Wulf Tolboom - in memory of Wanda Tolboom

My Story...

Wanda Tolboom (née Neill) felt a deep connection to Winnipeg's Jewish community and had a tremendous impact on hundreds of Jewish children through 30 years of teaching English at Ramah Hebrew School and at Talmud Torah.

While not Jewish herself, Wanda felt at home in Winnipeg's Jewish schools. She loved the kids, took the time to learn about Jewish culture and religion, attended many bar and bat mitzvahs, and even spent a summer in Israel.

Wanda passed away in 2007, but her connection to Winnipeg's Jewish community continues to be celebrated through the memories of her former students, through her generous bequest to the Jewish Foundation of Manitoba, and through the Wanda Neill Tolboom Trophy. The trophy is presented annually by a member of the Tolboom family to a grade six student at the Gray Academy of Jewish Education who demonstrates exceptional academic achievement in general studies.

Wanda Neill was born in 1920 in Kelwood, Manitoba, near Riding Mountain National Park. Her parents, Isabel and John Neill, were early pioneers of the town. Wanda was raised with her brother, Keith; an infant sister, Vonda, passed away.

Wanda attended Neepawa High School and then trained as a teacher at the Winnipeg Normal School. She taught at Beaver Dam, Cartwright, and Roskeen Schools. In 1941, she met a man named Wulf Tolboom on a train (the same train whose engine is now on display at Assiniboine Park). Wulf helped Wanda and her mother with their bags. Wanda was immediately taken by this helpful young man, and the feeling was mutual. (Wanda's mother must have sensed something, too, because she encouraged them to sit together.) Three years later, Wanda and Wulf got engaged at Clear Lake. In 1946, she travelled to the Canadian Arctic on the supply ship RMS Nascopie to marry Wulf who worked with the Hudson's Bay Company. For five years, they lived in the Arctic as Wulf established a career with the Bay. Up north, Wanda started to put pen to paper to capture what life in the Arctic was like. Ultimately, she had six books published, including "People of the Snow," which was incorporated into an American textbook series. Wanda would write her books by hand, and Wulf would lovingly type the manuscripts.

After five years, Wanda and Wulf moved back to Winnipeg. They had two daughters — Wendy (MacKenzie) and Patti (Zeglen); and one son — Rev. Dr. Neill Tolboom. They also had four grandchildren and, at the time of Wanda's passing, two great-grandchildren. Three more great-grandchildren have come along since.

Whether talking about teaching or parenting or grandparenting, Wulf's assessment of Wanda is simple: "She loved kids."

She was an excellent mother, recalls Wulf. "The kids loved her. She was tough but fair. Easy-going, but firm." Education was very important for Wanda, and she motivated her children to learn and achieve. Wanda had an exceptional sense of humour and she was opinionated: "She was quick to let you know what she thought about things." She was also a devout Anglican woman, who attended church regularly and was active in her church community.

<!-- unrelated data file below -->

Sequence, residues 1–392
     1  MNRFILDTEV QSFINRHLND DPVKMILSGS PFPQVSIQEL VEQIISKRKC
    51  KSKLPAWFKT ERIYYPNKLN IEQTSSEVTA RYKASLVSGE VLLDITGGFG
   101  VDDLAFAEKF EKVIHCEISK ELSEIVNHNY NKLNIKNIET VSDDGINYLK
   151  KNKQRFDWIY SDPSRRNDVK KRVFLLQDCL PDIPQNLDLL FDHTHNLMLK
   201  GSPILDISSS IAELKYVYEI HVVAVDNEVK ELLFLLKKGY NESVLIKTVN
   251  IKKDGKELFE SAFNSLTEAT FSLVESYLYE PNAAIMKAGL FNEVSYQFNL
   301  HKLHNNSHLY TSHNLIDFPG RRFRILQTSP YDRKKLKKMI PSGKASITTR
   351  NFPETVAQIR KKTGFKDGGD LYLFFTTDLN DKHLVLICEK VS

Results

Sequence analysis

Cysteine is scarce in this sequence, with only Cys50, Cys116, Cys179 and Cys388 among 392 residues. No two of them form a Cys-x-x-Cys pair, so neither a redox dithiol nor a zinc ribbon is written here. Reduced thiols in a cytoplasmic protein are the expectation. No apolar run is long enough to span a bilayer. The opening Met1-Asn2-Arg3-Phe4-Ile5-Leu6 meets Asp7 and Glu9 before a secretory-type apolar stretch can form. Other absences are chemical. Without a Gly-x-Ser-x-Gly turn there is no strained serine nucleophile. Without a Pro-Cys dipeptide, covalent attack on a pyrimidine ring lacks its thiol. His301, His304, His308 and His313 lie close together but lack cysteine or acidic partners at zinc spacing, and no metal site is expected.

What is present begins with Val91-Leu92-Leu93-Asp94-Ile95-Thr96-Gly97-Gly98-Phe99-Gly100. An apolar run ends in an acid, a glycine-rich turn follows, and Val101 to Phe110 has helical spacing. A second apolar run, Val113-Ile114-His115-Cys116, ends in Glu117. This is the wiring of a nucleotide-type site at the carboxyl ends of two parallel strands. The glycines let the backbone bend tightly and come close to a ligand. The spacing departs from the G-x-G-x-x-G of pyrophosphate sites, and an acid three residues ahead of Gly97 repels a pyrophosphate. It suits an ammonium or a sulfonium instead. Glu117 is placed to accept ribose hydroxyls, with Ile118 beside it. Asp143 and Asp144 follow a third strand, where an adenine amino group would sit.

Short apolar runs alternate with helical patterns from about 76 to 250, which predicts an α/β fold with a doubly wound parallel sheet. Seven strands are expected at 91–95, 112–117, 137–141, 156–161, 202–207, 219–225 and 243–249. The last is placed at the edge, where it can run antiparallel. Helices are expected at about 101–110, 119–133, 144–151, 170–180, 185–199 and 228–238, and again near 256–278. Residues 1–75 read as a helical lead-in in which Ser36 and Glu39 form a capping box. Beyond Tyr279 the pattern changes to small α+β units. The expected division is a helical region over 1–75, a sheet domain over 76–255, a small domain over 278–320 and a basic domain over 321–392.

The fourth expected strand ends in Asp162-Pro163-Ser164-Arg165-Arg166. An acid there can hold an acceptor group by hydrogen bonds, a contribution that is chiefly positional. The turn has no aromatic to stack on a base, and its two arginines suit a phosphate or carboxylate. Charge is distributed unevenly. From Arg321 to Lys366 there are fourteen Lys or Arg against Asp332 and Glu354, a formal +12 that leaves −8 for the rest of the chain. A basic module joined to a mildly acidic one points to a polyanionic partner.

As a family, the Tolbooms enjoyed many happy times together, including annual camping trips. Wanda and Wulf ultimately visited every state in the United States.

As a teacher, Wanda always wanted to learn more and do more. While teaching in the Jewish school system, she still found the energy and drive to teach Sunday School at her church, and teach for a few summers on Antigua Island as part of Organization for Cooperation in Overseas Development. She also upgraded her skills at the University of Manitoba, earning a Bachelor of Education degree in 1978; and spent a summer on a teachers' study program in Israel. Even in retirement, Wanda volunteered at the Royal School in a reading assistance program.

Her sincere joy of teaching was obvious. She wore it on her sleeve, and those young students who were fortunate enough to be in her classes knew it.

A recent letter from a former student of Wanda Tolboom recalled her wisdom and her ability to motivate students to achieve as much as they could. This particular student had recently arrived from Russia, and his English language skills were still poor. Early on, he nervously used Cyrillic letters on an English spelling test. Instead of a letter grade, Wanda Tolboom returned the test with the words "Very creative!" in the corner.

Said the former student: "In retrospect I realize the incredible power my teacher held in shaping and influencing my future and destiny. I am and forever will be grateful to Mrs. Tolboom for her incredible gift to me as a teacher and as a human being."

Wanda Tolboom devoted much of her life to educating children in the Jewish community, and she did it with joy and respect. Those feelings of joy and respect were mutual. We were blessed to have Wanda Tolboom in our midst.